MFB49: The Return of the King

His heart pounding in his throat, Per darted forward with his sword upraised and struck at the nearest talon; his blade hit the bony spur beneath the leathery hide and glanced off. As the wing rushed forward at him, the hooked claw intent on ripping him asunder, he instinctively warded off the blow with the closest weapon at hand: his torch. The fire singed the black membrane of the wing, filling the cavern with acrid smoke, and the Harpy drew back against the wall with a howl.

On her other side, Edmund had realised the danger thanks to Per’s warning, but although he had ducked to avoid the full impact of the blow, the claw curved down and caught him on his right shoulder. He could not help dropping his sword as streaks of pain shot through his arm like lightning; however, he also struck back with the torch in his left hand. The foul smoke made both boys retch, their eyes watering until they were nearly blinded, and the Fauns and Satyrs crowding behind them coughed as the stench filled their nostrils. The Harpy’s piercing shrieks reverberated throughout the cavern as well, assaulting their ears and threatening to shake loose the stalactites upon their heads.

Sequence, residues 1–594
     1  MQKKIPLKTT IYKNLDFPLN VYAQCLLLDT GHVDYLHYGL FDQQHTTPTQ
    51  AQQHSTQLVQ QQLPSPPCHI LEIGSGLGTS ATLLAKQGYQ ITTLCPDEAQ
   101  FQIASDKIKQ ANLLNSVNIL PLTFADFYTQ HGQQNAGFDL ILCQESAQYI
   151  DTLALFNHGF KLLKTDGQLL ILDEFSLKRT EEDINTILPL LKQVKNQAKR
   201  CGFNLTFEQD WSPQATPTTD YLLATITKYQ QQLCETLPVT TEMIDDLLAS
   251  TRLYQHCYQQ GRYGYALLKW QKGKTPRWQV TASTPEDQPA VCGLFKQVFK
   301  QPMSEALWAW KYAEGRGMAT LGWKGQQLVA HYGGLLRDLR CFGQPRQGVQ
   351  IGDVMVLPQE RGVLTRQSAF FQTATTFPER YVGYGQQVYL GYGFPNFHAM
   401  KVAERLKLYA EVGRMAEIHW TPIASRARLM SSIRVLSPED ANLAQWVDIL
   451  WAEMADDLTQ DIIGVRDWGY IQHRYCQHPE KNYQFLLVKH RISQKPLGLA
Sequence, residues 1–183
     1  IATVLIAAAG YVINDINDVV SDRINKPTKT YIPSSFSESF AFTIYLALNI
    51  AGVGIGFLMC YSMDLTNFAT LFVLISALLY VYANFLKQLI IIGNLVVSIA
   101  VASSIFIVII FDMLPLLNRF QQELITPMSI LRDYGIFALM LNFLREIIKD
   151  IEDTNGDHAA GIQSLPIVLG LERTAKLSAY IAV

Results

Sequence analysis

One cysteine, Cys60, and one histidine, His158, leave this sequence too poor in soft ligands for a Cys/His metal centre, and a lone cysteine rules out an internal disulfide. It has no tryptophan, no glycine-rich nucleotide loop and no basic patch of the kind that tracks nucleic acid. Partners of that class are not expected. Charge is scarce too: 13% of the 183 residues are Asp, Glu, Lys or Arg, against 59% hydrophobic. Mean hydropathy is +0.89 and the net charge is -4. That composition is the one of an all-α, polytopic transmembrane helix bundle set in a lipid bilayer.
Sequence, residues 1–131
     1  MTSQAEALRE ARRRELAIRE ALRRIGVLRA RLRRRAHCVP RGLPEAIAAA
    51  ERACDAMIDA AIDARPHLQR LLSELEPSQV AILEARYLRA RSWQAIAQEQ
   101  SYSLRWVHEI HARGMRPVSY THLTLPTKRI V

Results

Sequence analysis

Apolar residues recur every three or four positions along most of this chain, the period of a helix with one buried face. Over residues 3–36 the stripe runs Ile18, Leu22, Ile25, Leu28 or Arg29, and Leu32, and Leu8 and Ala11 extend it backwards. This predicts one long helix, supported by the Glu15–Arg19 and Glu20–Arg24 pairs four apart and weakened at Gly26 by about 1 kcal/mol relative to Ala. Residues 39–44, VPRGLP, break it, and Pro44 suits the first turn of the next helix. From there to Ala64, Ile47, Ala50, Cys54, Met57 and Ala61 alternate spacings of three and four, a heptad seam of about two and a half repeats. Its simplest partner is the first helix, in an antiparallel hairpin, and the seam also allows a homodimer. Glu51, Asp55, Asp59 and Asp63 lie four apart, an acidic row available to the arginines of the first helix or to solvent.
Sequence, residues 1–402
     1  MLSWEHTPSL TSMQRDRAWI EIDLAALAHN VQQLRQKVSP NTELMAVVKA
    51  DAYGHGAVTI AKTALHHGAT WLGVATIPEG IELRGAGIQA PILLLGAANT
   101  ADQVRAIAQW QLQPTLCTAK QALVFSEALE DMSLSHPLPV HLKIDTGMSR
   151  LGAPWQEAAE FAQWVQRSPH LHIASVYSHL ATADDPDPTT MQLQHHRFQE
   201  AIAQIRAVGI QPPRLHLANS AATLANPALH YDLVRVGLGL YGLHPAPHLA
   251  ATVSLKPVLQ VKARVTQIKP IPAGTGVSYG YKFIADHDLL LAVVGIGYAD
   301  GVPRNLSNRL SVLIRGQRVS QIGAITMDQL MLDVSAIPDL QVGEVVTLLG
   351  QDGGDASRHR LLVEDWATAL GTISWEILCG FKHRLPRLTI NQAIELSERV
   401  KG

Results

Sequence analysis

Edmund winced in pain as he reached for his sword, but once the grip was in his hand, he did not let it go.

“For Narnia, and for Aslan!” he spat out against the smoke before bringing the blade down upon the Harpy’s neck. He did not have enough strength to sever the bone and flesh in one stroke, so the weapon bit into her spine with a sickening crack. Edmund pulled back the sword and, with practiced aim, hacked neatly at the same place a second time, then a third, while the Harpy screamed in helpless rage. Finally, the Creature’s head fell with a dull thud to the rocky floor of the cavern, its last cries echoed for a moment, then all was still save the lingering coughs of the little army.

“Phew! That’s nasty,” Edmund gasped, breathing through his sleeve as he stumbled back, looking for something with which to clean his bloodied sword. “Let’s go let the Horses know the good news. Ugh… I’m glad that’s over!”

‹‹‹‹‹ ж ›››››